The UK Government has pledged to be at the forefront of technology for transport as part of the 2016 Queen's Speech. Autonomous and electric cars will be the focus of new legislation that seeks to get ordinary people buying and using driverless cars by 2020.
Driverless cars will be tested on UK roads as early as next year, but the new legislation would mean that by 2020 they can be insured under regular car insurance policies, allowing them to be driven outside of carefully controlled test conditions and even by regular people.
According to Chancellor George Osborne, the Government sees huge potential in driverless cars, which is why it is keen to begin testing the cars as early as possible. Tests on autonomous cars will look to begin in 2017, first starting on small local roads, and gradually extending to the motorway network.
Osborne said: "At a time of great uncertainty in the global economy, Britain must take bold decisions now to ensure it leads the world when it comes to new technologies and infrastructure. That's what my Budget next week will seek to do.
"Driverless cars could represent the most fundamental change to transport since the invention of the internal combustion engine. Naturally we need to ensure safety, and that's what the trials we are introducing will test.
"If successful, we could see driverless cars available for sale and on Britain's roads, boosting UK jobs and productivity."
Earlier in the year, the Government also announced it will allow 40 miles of public roads to serve as a test bed for self-driving cars, as part of a new trial. The Government will seek to work together with a consortium of car manufacturers and communications companies to promote the technology.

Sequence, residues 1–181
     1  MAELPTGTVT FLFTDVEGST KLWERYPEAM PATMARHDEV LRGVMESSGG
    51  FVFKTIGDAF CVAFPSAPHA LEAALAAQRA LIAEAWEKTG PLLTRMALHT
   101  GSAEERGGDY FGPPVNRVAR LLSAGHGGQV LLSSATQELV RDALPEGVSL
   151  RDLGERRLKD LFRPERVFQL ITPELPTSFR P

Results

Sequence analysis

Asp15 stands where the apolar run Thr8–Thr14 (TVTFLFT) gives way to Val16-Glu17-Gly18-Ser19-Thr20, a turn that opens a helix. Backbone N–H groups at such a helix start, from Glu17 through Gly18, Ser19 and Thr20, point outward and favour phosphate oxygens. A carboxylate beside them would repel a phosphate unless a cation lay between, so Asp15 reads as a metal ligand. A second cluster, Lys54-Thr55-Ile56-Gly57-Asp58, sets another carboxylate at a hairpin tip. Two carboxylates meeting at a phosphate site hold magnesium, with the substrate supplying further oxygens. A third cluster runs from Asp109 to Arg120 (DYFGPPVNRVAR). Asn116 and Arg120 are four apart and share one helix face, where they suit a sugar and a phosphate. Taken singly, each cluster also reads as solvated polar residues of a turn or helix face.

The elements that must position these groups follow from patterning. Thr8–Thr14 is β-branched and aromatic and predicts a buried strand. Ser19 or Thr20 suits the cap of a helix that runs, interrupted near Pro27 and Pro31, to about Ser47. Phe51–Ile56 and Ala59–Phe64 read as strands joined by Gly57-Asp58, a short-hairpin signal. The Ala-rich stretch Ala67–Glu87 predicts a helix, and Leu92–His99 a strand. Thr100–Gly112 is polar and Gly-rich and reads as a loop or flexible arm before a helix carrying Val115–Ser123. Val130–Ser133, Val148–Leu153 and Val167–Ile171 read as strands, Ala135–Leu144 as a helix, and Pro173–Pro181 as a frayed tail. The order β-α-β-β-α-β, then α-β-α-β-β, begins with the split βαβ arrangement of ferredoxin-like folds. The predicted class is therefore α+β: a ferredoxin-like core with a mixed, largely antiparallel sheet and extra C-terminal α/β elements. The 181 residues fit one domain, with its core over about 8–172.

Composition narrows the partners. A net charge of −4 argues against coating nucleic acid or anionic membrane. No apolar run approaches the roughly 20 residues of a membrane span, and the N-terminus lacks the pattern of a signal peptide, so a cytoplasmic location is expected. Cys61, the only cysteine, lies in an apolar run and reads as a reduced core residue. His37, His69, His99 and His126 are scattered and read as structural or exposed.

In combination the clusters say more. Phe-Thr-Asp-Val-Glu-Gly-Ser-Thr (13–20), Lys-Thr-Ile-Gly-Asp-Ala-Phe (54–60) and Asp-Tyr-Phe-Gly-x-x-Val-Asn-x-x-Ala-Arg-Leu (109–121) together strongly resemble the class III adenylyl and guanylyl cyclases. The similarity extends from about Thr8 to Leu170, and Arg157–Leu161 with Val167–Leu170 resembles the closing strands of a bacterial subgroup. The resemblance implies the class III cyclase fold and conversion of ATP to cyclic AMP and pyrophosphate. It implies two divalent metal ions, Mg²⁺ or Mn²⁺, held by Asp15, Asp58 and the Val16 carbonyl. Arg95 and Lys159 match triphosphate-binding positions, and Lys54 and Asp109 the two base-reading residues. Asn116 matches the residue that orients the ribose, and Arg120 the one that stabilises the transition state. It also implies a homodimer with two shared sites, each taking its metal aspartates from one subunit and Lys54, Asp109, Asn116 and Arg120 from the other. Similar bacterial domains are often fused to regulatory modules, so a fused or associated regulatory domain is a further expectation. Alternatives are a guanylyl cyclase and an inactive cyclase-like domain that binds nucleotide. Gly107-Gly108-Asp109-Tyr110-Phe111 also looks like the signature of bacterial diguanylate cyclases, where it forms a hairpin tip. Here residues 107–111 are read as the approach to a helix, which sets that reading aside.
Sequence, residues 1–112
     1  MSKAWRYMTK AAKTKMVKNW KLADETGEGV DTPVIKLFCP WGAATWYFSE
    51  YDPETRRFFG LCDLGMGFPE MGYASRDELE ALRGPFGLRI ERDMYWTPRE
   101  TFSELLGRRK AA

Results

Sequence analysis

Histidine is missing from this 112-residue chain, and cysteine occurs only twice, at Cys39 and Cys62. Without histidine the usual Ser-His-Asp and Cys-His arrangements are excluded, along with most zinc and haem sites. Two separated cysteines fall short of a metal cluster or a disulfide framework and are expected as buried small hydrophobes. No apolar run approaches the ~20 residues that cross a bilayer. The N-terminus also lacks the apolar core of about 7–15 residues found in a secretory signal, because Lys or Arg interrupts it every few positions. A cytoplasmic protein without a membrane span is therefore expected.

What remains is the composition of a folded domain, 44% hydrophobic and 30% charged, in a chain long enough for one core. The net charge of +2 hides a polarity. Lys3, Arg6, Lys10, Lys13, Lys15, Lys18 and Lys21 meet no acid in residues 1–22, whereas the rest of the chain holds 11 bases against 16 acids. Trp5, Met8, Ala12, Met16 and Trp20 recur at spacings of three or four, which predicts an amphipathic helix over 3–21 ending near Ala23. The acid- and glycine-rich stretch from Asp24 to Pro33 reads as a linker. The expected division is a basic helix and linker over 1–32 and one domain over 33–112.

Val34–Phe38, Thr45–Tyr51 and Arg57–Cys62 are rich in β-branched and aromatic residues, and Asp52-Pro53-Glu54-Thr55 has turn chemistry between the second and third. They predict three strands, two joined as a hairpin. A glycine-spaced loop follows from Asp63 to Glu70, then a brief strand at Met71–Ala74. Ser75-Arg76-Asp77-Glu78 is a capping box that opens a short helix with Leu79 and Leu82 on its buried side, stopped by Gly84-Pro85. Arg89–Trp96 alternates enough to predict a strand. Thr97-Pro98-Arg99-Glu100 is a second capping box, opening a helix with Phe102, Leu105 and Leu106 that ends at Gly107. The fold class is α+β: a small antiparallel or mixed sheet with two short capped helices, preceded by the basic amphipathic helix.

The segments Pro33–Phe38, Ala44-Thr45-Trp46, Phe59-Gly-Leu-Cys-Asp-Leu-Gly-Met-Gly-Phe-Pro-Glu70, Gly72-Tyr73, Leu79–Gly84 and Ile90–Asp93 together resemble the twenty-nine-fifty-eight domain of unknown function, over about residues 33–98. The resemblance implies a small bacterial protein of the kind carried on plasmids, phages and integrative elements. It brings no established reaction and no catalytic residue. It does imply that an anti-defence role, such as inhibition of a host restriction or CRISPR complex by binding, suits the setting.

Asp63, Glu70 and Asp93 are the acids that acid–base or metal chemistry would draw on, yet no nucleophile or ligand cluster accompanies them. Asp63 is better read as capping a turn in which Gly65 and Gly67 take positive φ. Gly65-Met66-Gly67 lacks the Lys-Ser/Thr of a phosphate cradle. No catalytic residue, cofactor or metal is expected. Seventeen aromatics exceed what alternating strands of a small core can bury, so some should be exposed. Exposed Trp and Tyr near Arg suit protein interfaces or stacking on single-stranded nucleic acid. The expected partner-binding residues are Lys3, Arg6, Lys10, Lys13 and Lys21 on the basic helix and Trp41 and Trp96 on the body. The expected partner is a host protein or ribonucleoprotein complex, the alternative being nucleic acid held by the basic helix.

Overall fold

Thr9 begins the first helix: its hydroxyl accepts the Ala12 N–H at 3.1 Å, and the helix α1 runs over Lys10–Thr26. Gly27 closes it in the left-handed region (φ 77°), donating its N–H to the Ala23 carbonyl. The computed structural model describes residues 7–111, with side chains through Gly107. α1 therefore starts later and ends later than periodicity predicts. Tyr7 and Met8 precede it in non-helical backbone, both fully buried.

The three-year trial, conducted by a consortium of car manufacturers like Jaguar Land Rover and communications companies like Vodafone Group, comes as part of a £20million investment that is split between eight different projects centred on driverless vehicle technology.
The £5.6million project, dubbed UK-CITE (UK Connected Intelligent Transport Environment), will fit wireless sensors on stretches of motorways, A-roads and urban streets around Coventry and Solihull. The sensors will communicate with up to 100 different autonomous and connected vehicles, including five Jaguar Land Rover research vehicles. The aim is to understand how effective the technologies are in reducing congestion and improving road safety.
Projects also in the pipeline include a £2.2million fund for the development of driverless shuttles in city centres to help those disabled and visually impaired. The project follows in the footsteps of the driverless pod initiatives already seen in city centres like Milton Keynes.
The eight different schemes – the other six centred on accelerating autonomous and connected vehicles from an infrastructure and business point of view – represent the first wave of R&D projects funded by the £100million Intelligent Mobility Fund announced last year.
The intelligent mobility market, centred around autonomous and connected vehicles, is estimated to be worth up to £900billion per year globally by 2025.
Business Secretary Sajid Javid said: “Our cars of the future will be equipped with the technologies that will make getting from A to B safer, faster and cleaner. They will alert drivers of accidents ahead and be able to receive information from their surroundings about hazards, increasing the safety of drivers, passengers and pedestrians.
“Britain is a world leader in research and development in such innovative technologies which improve lives and create opportunity for all. That is why this Government has protected the £6billion science budget and is providing up to £20million for these projects.”
Transport Secretary Patrick McLoughlin added: “This is a landmark moment and will allow Britain to lead the way in the testing of connected and autonomous vehicles.”
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